07/01/2014 12:04 pm ET Updated Jul 01, 2014

5 Bizarre Belgian Insults To Know So You Can Yell At The World Cup

Geri Lavrov via Getty Images

Every four years The World Cup gives countries from across the globe a chance to learn about each others rich cultures, and then hate on them when they eventually face off on the pitch. As the much anticipated match between the United States and Belgium gets set to start on Tuesday, many Americans seem eager to add some vitriol to the until-now amicable relationship with the Belgians.

But beyond destroying waffle makers and cases of Stella Artois, much of the nation seems perplexed as to how to properly vent against their newfound arch-nemesis. The WorldPost is here to help with that, by offering some authentic insults in Dutch -- one of Belgium's three national languages -- that you can hurl during moments of frustration that may be felt during the match.

1. Kwal

Translation: Jellyfish.
Meaning: An arrogant guy.

"Belgium's manager is such a kwal, he's about to taste the power of American freedom."

2. Snotneus

Translation: Snot Noses.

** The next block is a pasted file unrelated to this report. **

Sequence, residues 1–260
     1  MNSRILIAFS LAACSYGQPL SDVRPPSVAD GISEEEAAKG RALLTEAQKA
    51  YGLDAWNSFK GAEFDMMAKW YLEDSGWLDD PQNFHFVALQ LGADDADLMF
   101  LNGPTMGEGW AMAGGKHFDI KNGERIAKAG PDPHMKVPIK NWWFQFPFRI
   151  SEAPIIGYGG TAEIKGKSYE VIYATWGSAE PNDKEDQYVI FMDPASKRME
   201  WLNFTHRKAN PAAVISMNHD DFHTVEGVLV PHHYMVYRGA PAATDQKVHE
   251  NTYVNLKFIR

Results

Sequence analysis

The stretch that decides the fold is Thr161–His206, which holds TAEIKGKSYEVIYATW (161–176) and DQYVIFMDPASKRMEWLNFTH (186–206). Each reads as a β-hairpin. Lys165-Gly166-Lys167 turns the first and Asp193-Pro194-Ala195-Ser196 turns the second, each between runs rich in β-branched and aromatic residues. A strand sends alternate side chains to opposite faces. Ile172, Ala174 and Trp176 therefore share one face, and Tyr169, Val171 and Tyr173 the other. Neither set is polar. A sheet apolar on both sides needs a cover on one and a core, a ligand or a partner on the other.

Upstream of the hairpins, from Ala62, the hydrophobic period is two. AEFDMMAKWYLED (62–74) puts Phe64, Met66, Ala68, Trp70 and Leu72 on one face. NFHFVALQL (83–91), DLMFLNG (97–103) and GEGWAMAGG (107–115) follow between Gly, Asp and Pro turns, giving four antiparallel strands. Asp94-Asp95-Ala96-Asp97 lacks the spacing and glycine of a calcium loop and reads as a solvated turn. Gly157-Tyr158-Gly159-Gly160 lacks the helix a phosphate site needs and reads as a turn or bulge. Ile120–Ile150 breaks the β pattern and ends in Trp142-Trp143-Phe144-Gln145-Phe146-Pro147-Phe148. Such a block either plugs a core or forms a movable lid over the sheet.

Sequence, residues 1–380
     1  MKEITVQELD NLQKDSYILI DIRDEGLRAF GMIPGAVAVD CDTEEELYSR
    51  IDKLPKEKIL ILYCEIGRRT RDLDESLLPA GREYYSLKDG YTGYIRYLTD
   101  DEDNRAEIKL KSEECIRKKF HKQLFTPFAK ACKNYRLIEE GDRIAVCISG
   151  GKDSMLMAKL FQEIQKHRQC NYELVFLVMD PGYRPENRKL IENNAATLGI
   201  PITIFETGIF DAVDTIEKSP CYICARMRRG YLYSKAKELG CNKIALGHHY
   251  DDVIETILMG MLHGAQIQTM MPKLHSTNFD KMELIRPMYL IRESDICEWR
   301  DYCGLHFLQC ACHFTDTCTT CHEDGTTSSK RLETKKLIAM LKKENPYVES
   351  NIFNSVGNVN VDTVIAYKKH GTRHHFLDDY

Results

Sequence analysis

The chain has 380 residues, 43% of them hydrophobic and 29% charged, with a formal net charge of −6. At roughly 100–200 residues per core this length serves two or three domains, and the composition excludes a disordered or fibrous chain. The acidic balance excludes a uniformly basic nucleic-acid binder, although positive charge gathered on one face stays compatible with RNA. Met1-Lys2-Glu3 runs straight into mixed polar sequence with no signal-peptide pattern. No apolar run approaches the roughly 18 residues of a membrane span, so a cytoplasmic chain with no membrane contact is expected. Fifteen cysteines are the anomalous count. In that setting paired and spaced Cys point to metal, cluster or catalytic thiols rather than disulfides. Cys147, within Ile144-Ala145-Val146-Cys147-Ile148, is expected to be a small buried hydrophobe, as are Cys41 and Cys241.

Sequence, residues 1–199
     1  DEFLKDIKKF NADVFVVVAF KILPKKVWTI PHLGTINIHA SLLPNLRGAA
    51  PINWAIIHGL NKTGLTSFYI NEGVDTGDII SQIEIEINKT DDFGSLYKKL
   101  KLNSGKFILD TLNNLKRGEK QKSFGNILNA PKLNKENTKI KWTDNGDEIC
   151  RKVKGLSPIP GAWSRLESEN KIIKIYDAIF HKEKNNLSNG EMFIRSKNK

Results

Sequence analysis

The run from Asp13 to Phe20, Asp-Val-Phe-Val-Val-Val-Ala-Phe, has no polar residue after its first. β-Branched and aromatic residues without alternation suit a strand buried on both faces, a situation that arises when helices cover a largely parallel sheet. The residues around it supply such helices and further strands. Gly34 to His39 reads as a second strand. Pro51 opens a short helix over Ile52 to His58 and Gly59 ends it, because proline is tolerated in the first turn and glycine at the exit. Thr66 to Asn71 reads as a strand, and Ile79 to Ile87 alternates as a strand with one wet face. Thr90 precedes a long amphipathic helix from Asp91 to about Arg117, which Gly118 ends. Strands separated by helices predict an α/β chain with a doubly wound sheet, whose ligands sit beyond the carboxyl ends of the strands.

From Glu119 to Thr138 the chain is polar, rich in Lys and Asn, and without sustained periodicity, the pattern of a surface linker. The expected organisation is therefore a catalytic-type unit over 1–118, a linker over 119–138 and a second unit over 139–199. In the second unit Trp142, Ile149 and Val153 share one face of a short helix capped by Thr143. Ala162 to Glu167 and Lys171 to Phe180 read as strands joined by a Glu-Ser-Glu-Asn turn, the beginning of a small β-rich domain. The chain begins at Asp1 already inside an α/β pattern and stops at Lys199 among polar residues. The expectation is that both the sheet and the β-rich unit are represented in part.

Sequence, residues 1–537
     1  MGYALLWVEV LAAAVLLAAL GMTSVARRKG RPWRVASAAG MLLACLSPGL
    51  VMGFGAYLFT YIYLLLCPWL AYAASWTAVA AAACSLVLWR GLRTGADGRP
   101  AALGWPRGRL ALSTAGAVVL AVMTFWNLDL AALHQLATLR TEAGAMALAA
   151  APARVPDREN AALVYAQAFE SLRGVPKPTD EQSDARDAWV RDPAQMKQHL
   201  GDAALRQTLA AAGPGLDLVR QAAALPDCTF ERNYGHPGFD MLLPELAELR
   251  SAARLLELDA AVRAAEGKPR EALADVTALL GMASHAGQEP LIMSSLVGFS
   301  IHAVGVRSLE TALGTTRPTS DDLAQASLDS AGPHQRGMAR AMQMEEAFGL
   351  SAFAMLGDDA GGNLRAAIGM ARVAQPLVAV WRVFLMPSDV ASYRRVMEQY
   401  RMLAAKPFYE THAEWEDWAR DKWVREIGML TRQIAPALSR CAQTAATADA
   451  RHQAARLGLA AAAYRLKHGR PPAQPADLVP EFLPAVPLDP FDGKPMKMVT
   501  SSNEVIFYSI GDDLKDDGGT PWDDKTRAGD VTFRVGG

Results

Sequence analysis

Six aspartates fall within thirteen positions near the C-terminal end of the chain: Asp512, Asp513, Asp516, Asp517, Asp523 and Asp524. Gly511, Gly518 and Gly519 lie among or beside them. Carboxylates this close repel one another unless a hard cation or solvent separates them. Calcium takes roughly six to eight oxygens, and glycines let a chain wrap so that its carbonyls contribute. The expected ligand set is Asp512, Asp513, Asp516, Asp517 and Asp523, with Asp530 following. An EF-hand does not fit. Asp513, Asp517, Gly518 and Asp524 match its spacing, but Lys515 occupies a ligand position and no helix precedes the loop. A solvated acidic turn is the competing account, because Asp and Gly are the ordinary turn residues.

Meaning: Used to describe an annoying pipsqueak or little guy. Kind of like calling someone a snot-nosed kid.

"That snotneus Eden Hazard is only 5'7! Just kick it over him!"

3. Schijtluis

Translation: Shit Louse.
Meaning: Cowardly, yellow. Pretty much the same thing as when you call someone chickenshit in America.

"Penalty kick?! That was a dive! What a schijtluis!"

4. Zak

Translation: Bag or sack, as in ball sack.
Meaning: Somebody who is a total dick.

"We'd be winning if this ref wasn't a zak!"

5. Viswijf

Translation: A woman who sells fish (look, we didn't make it up).
Meaning: Often used to describe a woman who is loud, talks a lot and is a frequent gossip, obviously even more derogatory if used to describe a man.

"No one tell my Belgian friend I cried when America lost, he's a real viswijf."

Correction: An earlier version of this post misidentified "schijtluis" as chicken shit. While it has a similar meaning, "shit louse" is the correct and more evocative translation. We also updated some of the language in this post to reflect that "zak" can be translated as "bag" or "sack."